A mob of Sherpas assault three Western climbers.
Credit: Rob Sobecki
Everest Base camp is a village in itself. There are mess tents with pool tables and full internet connectivity; people spend downtime playing horseshoes or updating blogs. Nonetheless, it is incredibly remote – a three-day hike from the nearest Nepalese village police station – and relies on its own set of rules and social norms.

With the guiding trade booming, Sherpas are making more money than ever in one of the poorest countries in the world (the average annual income is $300; Sherpas make up to $5,000 in one season). But they're faced with the lion's share of the danger since they are constantly shuttling heavy loads back and forth, and they still receive a fraction of the money made by the outfitters.

Nepali guide Sumit Joshi believes the threat was more perceived than real and even somewhat justified. "They were throwing rocks onto the tent, but not at people," he says. "The fixing team was venting the frustration of all highly skilled Sherpas, who want more respect from their Western colleagues. We often hear our Western outfitter friends acknowledge that the Sherpa climbers deserve more," Joshi continues. "But what are they actually willing to give?"

"If the Sherpas had been as media savvy as the Euros, the story hitting the news would have been 'Euro climbers insult, threaten, and endanger Sherpas,' instead of 'Sherpas attack climbers,' " says IMG co-owner Eric Simonson. But according to Cory Richards, a National Geographic photographer and professional climber, if anybody needs to take ownership of the situation, it's the commercial-guiding industry itself. "They are the ones responsible for the work conditions," he says.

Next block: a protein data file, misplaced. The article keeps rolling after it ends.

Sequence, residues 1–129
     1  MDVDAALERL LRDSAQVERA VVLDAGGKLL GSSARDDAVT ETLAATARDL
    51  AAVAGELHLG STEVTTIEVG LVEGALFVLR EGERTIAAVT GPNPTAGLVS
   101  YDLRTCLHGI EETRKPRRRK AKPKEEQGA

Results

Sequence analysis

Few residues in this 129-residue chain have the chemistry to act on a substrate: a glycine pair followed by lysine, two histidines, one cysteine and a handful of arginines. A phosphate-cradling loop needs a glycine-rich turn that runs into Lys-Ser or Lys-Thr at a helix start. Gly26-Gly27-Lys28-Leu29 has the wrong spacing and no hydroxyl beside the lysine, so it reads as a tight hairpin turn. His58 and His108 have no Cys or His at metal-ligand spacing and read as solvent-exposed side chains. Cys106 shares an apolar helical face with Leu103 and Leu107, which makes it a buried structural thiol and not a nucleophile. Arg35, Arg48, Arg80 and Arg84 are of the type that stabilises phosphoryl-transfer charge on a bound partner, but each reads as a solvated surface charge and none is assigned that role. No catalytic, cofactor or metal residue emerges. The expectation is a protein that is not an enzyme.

The greatest loss in the wake of this incident could be Everest itself as a mountain for true adventure. It's being reported that the commercial operators will formally ask permission from the government to close sections of the mountain for their Sherpa teams next year. "If they say the mountain is closed until the ropes are fixed, then this really is the death knell for adventure on Everest," says Mark Richey, former president of the American Alpine Club. Some Western outfitters are even pushing for every climbing permit to be printed with new rules stating no one is to climb during rope fixing. The plan heavily favors commercial expeditions­ – but for Nepal's Ministry of Tourism, Everest represents big dollars. Conrad Anker says the government is part of the problem. "They're receiving millions of dollars a year from climbing permits," he says. "Hardly any of it makes it back to the Sherpa communities."

"You can't say that part of the mountain is off-limits," says Cory Richards. "Last year I wanted to take photos of the rope fixing and was told by some Western guides that I wasn't allowed to be up there. Since when does that infrastructure take precedence over real climbing? Something's been lost."

Two days after the attack, Steck, Moro, and Griffith came face-to-face with the Sherpas who attacked them, after a "peace treaty" was drawn up and signed by dozens of Western guides and Sherpas. Despite the symbolism, Steck thinks the worst may be yet to come. "I think this 'ceremony' calmed the situation down, but it certainly did not solve the problem," he said. He remains haunted by what happened. "This 'peace deal' was just a pretext for everyone to get out of the situation. . . I am so disappointed, and my trust is gone. I could not go back to this mountain. Who can assure me that an angry mob is not cutting my rope or burning my tent?"